Calif. Rep. Eshoo Introduces 'Dig Once’ Broadband Legislation Requiring Conduits

Keep up with the latest developments and legal issues in the telecommunications and emerging technology sectors, with exclusive access to a comprehensive collection of telecommunications law news,...

Rep. Anna Eshoo (D-Calif.), the ranking member on the House Energy and Commerce Subcommittee on Communications and Technology, May 3 introduced legislation (number not yet available) that would require highway construction crews to lay “broadband conduits”--plastic pipes that house fiber-optic communications cable--during all new federal projects.

The idea behind the bill is to only “dig once” when a crew is on site. The Federal Highway Administration estimates that 90 percent of the cost of deploying fiber-optic cable in a public right-of-way can be attributed to digging up and then repairing the road to install the buried fiber.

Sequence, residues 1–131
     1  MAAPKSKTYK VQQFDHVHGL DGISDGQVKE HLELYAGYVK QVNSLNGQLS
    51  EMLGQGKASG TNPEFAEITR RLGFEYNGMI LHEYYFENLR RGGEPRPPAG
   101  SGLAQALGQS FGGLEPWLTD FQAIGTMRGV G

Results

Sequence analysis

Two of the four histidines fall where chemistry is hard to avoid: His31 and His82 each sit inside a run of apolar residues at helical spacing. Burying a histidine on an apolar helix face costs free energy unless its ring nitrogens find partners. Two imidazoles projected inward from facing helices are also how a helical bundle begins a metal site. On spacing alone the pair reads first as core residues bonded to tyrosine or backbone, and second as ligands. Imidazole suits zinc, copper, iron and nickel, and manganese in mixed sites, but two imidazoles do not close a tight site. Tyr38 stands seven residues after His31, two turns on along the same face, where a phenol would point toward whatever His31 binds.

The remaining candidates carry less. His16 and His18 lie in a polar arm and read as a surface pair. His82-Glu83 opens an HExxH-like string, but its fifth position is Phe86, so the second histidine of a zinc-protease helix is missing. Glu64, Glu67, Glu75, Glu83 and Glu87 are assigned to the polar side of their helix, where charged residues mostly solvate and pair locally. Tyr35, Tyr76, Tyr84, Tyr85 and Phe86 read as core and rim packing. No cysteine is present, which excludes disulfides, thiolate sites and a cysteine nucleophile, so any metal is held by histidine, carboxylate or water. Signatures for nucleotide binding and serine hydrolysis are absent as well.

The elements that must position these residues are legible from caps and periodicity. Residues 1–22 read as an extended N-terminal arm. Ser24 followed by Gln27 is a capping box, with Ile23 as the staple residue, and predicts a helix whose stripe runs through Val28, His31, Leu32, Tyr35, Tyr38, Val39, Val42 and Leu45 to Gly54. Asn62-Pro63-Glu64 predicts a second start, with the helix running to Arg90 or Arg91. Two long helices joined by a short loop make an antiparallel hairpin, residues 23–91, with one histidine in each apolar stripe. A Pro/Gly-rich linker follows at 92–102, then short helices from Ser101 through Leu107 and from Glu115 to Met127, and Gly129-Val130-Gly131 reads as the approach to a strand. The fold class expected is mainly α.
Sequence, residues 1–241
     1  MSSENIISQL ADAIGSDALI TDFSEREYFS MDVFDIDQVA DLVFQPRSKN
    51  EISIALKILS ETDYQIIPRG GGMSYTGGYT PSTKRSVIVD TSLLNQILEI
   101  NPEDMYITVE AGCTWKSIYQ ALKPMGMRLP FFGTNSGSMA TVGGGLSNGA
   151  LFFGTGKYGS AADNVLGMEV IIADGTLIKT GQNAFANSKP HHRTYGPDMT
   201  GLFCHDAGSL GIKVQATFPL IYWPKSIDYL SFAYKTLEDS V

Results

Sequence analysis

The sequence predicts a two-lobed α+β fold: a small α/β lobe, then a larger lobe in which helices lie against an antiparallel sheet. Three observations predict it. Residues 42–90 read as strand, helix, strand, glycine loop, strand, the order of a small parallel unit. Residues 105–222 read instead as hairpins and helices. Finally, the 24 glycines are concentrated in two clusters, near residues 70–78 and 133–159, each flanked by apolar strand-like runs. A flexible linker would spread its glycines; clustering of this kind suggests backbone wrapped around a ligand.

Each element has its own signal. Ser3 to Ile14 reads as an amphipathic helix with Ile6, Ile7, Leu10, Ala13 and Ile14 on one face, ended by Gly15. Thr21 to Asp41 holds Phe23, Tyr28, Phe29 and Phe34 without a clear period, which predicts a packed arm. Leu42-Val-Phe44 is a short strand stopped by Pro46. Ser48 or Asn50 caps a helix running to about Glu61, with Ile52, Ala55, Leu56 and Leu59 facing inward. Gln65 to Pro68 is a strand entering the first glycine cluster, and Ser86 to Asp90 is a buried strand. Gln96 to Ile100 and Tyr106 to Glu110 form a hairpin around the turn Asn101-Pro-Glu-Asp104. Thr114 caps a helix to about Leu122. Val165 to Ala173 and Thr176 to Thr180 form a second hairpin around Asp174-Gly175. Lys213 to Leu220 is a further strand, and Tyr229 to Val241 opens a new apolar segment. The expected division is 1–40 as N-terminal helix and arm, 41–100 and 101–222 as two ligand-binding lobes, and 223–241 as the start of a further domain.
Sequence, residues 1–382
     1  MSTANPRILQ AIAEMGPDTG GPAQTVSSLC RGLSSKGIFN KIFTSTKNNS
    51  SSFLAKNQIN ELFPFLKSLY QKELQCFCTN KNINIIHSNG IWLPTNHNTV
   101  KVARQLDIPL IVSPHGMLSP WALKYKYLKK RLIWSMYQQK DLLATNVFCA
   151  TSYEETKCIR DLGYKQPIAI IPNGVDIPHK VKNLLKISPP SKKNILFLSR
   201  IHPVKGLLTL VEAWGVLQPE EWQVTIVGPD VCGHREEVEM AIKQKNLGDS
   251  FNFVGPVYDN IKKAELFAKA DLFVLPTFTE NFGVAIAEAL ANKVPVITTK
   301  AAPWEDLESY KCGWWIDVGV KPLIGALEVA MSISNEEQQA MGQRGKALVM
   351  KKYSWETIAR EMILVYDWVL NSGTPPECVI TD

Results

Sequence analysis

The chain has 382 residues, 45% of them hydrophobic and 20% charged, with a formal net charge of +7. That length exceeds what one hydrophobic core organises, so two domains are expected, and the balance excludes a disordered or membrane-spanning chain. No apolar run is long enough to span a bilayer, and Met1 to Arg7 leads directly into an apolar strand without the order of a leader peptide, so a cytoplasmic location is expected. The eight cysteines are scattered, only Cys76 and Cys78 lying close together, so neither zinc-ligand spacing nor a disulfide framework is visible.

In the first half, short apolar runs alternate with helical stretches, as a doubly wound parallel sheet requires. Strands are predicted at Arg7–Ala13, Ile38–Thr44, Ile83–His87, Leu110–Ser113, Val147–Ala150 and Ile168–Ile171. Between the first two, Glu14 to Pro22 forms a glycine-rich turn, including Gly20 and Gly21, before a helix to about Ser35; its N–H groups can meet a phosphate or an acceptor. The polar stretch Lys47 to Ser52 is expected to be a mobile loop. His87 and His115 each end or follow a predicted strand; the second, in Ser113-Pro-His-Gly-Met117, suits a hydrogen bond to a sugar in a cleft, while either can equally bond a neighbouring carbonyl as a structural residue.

“This legislation is a creative approach to more rapidly deploy broadband service, promote competition, and do so with limited federal dollars,” Eshoo said in a statement. “This 'dig once’ policy would expand broadband at a fraction of the cost by including the conduit as roads are being built.”

The Broadband Conduit Deployment Act of 2011 is being co-sponsored by Reps. Henry Waxman (D-Calif.), the ranking member of the full committee, Ed Markey (D-Mass.), Doris Matsui (D-Calif.), and Lynn Woolsey (D-Calif.). The bill is similar to a measure (H.R. 2428) Eshoo introduced in May 2009.

The cable industry has issued a statement praising Eshoo for reintroducing the bill.

“We applaud Rep. Eshoo for introduction of the Broadband Conduit Deployment Act of 2011, which will facilitate the further deployment of broadband service throughout the U.S.,” National Cable and Telecommunications Association Chief Executive Officer Michael Powell said. “We look forward to working with Rep. Eshoo and other policymakers on creative solutions to lower the cost of broadband deployment so that every American can benefit from this important service.”

By Paul Barbagallo

Request Tech & Telecom on Bloomberg Law